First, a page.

Perhaps the most important topic of the day was our session on COVID-19 prevention and specific guidance in line with national and international standards. There has been tension and panic about the coronavirus in Kenya, so this was a session everyone eagerly participated in, the trainers noted. We covered:

– Information on the symptoms and transmission routes of COVID-19

– What physical distancing is and how to practice it

– How to cough and sneeze into the elbow

– Contactless greetings

– How to make and properly wear a facemask

Setting up a leaky tin handwashing station

Due to the rampant spread of misinformation about COVID-19, we dedicated time to a question and answer session to help debunk rumors about the disease and provide extra information where needed. We also left behind a rice sack painted with messages of COVID-19 prevention reminders in the local language. We affixed the sign to the spring’s fence during training and encouraged community members to use it as a daily reminder to stay cautious both at home and at the spring.

Mask making and wearing demonstration

“Social distancing at the spring is critical to me. Before the training, I had my own handwashing facility outside my house, which has been useful for handwashing. I have been wearing a mask when I go out shopping at the market and also at church,” said Adelaite Mwombe.

Adelaite said she would continue to urge her neighbors “to maintain cleanliness all the time by washing hands” throughout the pandemic and beyond.

Community members practice the ten steps of handwashing

We covered several other topics, including community participation in the project; leadership and governance; personal and environmental hygiene; water handling and treatment; operation and maintenance of the spring and sanitation platforms; dental hygiene; the ten steps of handwashing, and how to make and use a tippy tap and leaky tin. We held an election for the newly formed water user committee leaders during the leadership and governance session.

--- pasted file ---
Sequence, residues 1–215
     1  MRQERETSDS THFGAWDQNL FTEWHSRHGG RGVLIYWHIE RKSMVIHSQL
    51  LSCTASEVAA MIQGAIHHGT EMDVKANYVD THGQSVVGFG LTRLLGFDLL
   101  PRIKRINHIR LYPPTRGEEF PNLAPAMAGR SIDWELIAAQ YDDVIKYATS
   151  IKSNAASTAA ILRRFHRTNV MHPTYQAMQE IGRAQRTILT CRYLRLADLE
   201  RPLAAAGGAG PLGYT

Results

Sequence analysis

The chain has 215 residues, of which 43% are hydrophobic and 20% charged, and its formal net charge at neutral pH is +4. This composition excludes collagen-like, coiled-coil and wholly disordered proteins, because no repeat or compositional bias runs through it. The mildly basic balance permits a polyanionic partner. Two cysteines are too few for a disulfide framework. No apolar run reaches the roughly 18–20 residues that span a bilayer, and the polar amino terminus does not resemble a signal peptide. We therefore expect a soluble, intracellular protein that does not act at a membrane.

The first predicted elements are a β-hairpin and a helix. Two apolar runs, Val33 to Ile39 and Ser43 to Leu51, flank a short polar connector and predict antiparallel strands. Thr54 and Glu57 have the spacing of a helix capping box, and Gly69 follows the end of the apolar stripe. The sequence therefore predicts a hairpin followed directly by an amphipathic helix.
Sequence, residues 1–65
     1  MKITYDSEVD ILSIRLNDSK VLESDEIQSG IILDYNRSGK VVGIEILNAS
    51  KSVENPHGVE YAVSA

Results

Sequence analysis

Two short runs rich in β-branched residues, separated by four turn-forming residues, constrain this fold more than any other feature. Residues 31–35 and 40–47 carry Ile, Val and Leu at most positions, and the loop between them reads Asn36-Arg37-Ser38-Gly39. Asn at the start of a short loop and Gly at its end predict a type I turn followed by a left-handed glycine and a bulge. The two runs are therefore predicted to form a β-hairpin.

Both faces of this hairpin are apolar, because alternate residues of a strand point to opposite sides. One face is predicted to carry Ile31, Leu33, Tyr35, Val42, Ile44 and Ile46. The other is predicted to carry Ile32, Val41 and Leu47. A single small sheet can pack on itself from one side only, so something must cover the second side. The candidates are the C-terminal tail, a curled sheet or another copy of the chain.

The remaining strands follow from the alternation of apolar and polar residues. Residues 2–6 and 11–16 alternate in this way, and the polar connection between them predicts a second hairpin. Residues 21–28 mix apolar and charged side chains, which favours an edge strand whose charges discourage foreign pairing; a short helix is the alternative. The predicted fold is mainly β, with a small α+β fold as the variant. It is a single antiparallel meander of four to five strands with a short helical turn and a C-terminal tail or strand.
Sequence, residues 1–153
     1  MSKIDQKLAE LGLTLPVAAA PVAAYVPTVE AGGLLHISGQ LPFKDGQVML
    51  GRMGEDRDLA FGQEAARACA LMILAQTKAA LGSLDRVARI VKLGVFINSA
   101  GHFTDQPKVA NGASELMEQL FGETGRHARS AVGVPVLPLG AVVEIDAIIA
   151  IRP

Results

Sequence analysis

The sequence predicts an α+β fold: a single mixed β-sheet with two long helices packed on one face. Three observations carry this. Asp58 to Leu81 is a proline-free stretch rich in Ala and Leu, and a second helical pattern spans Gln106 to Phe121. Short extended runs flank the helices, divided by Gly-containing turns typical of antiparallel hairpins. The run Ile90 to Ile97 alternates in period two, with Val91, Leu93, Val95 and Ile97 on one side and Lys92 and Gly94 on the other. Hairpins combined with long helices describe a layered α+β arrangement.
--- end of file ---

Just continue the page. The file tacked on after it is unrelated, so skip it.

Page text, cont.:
Jeremiah takes notes at training

We also brainstormed income-generating activities that can be used to start both community savings account for any future minor repairs to the spring and a cooperative lending group to enable members to develop their own small businesses.

“The training increased my awareness of matters related to hygiene and sanitation. It is essential to observe cleanliness,” noted Tatayo Karakacha, a 42-year-old farmer whose peers elected him as Chair of the water user committee.

Tatayo Karakacha

When an issue arises concerning the water project, the water user committee is equipped with the necessary skills to rectify the problem and ensure the water point works appropriately. However, if the issue is beyond their capabilities, they can contact our field officers’ team to assist them. We will also continue to offer them unmatchable support as a part of our ongoing monitoring and maintenance program.

Thank you for making all of this possible!


The Water Project : kenya20165-happy-community-2


11/25/2020: Mahira Community, Anunda Spring Project Underway!

Dirty water from Anunda Spring is making people in Mahira sick. Thanks to your generosity, we’re working to install a clean water point and much more.

Get to know this community through the narrative and pictures we’ve posted, and read about this water, sanitation, and hygiene project. We look forward to reaching out with news of success!


The Water Project : kenya20165-agnes-collecting-water


Project Photos


Project Type

Protected Spring

In many communities, natural springs exist as water flows from cracks in rocky ground or the side of a hill.  Springs provide reliable water but that doesn’t mean safe. When left open they become contaminated by surface contamination, animal and human waste and rain runoff. The solution is to protect the source. First, you excavate around the exact source area of the spring. Then, you build a protective reservoir for water flow, which pours through a reinforced pipe in a concrete headwall to a paved collection area. Safe water typically flows year-round and there is very limited ongoing maintenance needed!


Contributors

Project Underwriter - Nazmy and Wigdan Ziyad
1 individual donor(s)